Some Vietnamese scientists have said that they were surprised to learn that Vietnam has been placed second on the 2012 Happy Planet Index (HPI), after Costa Rica, by the New Economics Foundation (NEF).
The 2012 HPI report ranked 151 countries and is the third edition of the index.
According to its website, the Happy Planet Index (HPI) measures what matters:
The extent to which countries deliver long, happy, sustainable lives to the people that live in them.
The Index uses global data on three criteria:
1/ Life expectancy (LE)
2/ Experienced well-being (EW)
3/ Ecological Footprint (EF)
to calculate this.
It ranks countries on how many long and happy lives they produce per unit of environmental input.
According to this years’ ranking, Vietnam’ s LE, EW and EF are 5.8, 75.2 and 1.4 respectively, leading to a score of 60.4, just behind Costa Rica, who topped the list with a score of 64.
This result marked a rise for Vietnam compared to its 12th and 5th place ranks in 2006 and 2009, respectively.
However, some experts told the media that if the country’s rank means that Vietnamese people are the second happiest in the world, this is hard to believe.
Assoc. Prof. Dr. Nguyen Minh Hoa said the NEF should have announced the number of people it had interviewed in each country and the content of the interview, while adding that the concept of happiness varies from country to country, from person to person, and from religion to religion.
There is not enough data provided for everybody to believe in the accuracy of the ranking.
It is possible that nobody will believe that Vietnam is the country whose people are the second happiest one in the world, and some people may consider it a joke, Hoa told Lao Dong Newspaper.
The “experienced well-being” factor by itself is not enough to be a basis on which to say whether Vietnamese people are happy in life or not.
In fact, Vietnamese people easily accept their lives, he said.
Regarding longevity, only a small part ofVietnam’s population lives a long life, while the remaining majority is at high risk of diseases, traffic accidents and other dangers.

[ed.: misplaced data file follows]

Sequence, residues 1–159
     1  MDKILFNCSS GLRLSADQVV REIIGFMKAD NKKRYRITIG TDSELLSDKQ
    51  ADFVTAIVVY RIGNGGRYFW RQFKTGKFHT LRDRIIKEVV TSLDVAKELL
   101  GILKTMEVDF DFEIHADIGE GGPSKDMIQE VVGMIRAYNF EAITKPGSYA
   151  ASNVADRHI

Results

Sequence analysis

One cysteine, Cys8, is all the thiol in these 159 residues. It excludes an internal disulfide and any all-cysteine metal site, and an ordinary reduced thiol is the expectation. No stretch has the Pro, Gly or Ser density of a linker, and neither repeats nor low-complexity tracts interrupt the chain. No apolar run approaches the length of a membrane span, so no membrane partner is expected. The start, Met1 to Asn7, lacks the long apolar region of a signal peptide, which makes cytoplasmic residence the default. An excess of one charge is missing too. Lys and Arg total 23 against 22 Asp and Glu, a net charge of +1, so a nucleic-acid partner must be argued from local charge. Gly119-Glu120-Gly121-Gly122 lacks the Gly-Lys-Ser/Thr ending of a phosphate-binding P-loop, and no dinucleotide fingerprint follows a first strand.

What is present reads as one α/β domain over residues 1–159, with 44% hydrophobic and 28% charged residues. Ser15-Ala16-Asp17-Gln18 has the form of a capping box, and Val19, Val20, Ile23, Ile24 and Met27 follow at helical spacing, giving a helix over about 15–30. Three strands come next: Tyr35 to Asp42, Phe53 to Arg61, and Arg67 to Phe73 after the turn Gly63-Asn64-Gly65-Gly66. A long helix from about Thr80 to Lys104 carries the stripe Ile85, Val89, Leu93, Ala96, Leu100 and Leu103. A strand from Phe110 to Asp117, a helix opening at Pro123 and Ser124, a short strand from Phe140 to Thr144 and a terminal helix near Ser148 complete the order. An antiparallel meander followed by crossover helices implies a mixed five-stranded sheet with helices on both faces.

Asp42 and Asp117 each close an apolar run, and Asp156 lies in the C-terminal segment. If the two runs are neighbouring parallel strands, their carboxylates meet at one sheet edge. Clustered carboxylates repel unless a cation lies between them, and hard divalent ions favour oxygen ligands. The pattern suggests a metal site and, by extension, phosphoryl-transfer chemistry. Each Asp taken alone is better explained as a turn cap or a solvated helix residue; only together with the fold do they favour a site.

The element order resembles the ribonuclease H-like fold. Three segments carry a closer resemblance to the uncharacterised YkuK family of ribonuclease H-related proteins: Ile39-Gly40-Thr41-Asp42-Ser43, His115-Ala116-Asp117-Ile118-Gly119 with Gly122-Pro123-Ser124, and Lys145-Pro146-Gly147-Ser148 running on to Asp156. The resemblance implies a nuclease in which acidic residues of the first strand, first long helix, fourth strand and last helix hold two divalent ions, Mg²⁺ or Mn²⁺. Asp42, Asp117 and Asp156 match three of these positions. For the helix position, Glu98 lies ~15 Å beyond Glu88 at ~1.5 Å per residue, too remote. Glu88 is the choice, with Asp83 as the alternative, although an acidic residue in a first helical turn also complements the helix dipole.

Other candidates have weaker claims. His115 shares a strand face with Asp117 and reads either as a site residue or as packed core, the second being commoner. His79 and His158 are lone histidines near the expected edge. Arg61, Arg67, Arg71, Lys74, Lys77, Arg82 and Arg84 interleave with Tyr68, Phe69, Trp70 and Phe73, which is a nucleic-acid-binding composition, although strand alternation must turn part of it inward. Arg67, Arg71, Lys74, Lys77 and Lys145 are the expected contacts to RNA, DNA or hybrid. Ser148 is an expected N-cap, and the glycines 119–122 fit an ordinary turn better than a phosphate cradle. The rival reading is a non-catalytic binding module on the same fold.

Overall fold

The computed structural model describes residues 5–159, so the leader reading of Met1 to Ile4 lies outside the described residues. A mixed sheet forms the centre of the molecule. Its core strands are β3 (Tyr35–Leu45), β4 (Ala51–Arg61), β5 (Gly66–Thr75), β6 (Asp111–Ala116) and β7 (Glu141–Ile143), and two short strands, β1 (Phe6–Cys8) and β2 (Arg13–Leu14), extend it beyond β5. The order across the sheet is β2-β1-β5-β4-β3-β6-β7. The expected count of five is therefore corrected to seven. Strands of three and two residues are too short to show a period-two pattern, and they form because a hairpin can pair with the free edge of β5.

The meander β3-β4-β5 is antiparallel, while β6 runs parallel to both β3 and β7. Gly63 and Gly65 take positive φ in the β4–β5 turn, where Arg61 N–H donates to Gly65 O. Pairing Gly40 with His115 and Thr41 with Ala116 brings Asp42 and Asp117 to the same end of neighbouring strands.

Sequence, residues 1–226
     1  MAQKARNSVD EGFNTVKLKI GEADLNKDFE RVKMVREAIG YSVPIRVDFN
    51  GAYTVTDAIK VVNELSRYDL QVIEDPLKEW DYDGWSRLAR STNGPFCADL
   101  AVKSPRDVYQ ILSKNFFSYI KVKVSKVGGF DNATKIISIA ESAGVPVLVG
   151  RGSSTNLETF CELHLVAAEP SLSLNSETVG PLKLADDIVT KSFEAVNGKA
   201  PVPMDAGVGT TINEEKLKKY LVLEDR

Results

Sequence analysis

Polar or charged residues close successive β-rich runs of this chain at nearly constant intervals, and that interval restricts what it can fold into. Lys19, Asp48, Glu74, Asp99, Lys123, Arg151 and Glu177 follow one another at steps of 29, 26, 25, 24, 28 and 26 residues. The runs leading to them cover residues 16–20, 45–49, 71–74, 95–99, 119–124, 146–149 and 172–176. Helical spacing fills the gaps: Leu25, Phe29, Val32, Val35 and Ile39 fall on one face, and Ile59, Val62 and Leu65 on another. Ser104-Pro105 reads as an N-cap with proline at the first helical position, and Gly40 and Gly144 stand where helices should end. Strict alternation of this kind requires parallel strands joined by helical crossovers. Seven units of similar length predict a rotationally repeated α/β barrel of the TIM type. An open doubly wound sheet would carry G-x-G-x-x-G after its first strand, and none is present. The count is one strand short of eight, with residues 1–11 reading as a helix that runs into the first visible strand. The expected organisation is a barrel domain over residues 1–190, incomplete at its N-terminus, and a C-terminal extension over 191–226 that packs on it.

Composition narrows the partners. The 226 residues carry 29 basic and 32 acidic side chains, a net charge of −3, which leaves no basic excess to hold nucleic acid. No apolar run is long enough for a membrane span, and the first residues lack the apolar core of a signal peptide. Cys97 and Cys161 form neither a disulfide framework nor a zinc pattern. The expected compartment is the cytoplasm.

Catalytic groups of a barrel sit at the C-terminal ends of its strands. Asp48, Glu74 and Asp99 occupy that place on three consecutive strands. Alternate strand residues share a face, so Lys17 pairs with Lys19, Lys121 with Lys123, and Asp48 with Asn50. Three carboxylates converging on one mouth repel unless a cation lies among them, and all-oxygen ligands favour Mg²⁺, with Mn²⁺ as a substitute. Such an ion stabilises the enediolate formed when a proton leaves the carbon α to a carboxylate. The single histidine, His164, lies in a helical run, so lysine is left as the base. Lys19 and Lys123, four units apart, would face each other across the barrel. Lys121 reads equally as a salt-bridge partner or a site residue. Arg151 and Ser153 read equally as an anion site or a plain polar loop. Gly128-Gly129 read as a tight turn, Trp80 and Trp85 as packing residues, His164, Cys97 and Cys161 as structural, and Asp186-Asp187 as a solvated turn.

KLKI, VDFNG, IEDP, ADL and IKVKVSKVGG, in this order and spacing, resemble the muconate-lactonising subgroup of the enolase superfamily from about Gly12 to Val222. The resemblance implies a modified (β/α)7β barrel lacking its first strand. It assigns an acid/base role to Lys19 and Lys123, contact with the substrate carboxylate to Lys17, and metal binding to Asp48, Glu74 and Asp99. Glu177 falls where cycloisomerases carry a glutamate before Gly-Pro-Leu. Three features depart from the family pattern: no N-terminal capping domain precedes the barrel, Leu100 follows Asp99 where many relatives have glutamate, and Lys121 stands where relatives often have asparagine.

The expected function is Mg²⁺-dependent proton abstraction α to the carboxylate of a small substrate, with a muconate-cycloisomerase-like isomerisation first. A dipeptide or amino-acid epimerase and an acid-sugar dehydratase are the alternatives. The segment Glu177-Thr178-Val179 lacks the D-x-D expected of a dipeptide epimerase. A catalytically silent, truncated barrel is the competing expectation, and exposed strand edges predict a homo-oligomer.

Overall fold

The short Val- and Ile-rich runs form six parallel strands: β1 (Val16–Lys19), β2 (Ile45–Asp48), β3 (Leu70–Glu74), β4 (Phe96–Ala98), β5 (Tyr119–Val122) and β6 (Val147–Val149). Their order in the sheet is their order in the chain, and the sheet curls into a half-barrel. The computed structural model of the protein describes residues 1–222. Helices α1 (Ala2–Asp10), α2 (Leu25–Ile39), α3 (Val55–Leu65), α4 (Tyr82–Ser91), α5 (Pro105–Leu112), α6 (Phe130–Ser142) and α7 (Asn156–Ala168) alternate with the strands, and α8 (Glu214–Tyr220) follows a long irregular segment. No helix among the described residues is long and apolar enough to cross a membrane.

“In my opinion happiness is not only being content with what you have, but it should first be the peacefulness you feel in life.
In fact, most Vietnamese people usually face pressure in many fields including health, psychology, work and study, so it is hard for them to feel at ease.
As for ecological footprints, it is hard to say that the environment in Vietnamis less polluted than most other countries”, Hoa said.
Vietnam’s rank under the NEF’s HPI is very different from its rank on the list of “The World’s Happiest Countries” announced by Forbes Magazine in 2010 after the publication surveyed thousands of respondents in 155 countries.
Vietnam ranked 96th on that list, he said.
Only three criteria not enough
Dr. Dao Van Khanh told Tuoi Tre that the Human Development Index of the United Nations should be considered as a basis for assessing whether “a country is in happiness” or not.
The UN 2011 HDI was calculated based on many criteria such as income, education, health, life expectancy, economic conditions, gender equality, and sustainable development.
According to the index, Norway lead the world in “experienced well-being”, followed by Australia, the US, New Zealand, Canada, Ireland, Liechtenstein, Germany and Sweden.
“I do not know how NEF has conducted its survey, but the ranking by the UN is much more accurate since it is determined based on a combination of a series of criteria, not only three, as used by NEF.
Ranking should be made by reputable global organizations and be based on sufficient and proper criteria,” Khanh said.
Many respondents in the NEF’s survey might simply think that Vietnam“is experiencing well-being” since it has improved its standing from a poor country to be placed among the group of developing countries of low-medium income, he added.
Tran Ngoc Them, a PhD in Science, meanwhile, stated that the environment in Vietnam is seriously polluted, food has been found to contain banned preservatives, and many people suffer from diseases.
These factors must affect the longevity of Vietnamese people.
It is necessary to review the method used by the NEF in making its environmental assessments.
In general, the survey is not of much social significance.
It can be seen as a “pocket interview” only, Them said.
Vietnam has achieved much recently, but it has yet to become one of the “Asian dragons”, although it has ambitions to attain this title.
Vietnam is not a country with high longevity.
There remain many problems in the fields of education, health and natural resource exploitation, Them lamented.
“I think that the NEF might have its own specific method of assessment and might have put focus on certain fields in their overall calculation, which gave Vietnam higher scores than other countries and placed it second,” Them said.
The NEF is a London-based NGO that was founded in 1986 by the leaders of The Other Economic Summit (TOES) with the aim of working for a new model of wealth creation based on equality, diversity and economic stability.
Source: Tuoi Tre Online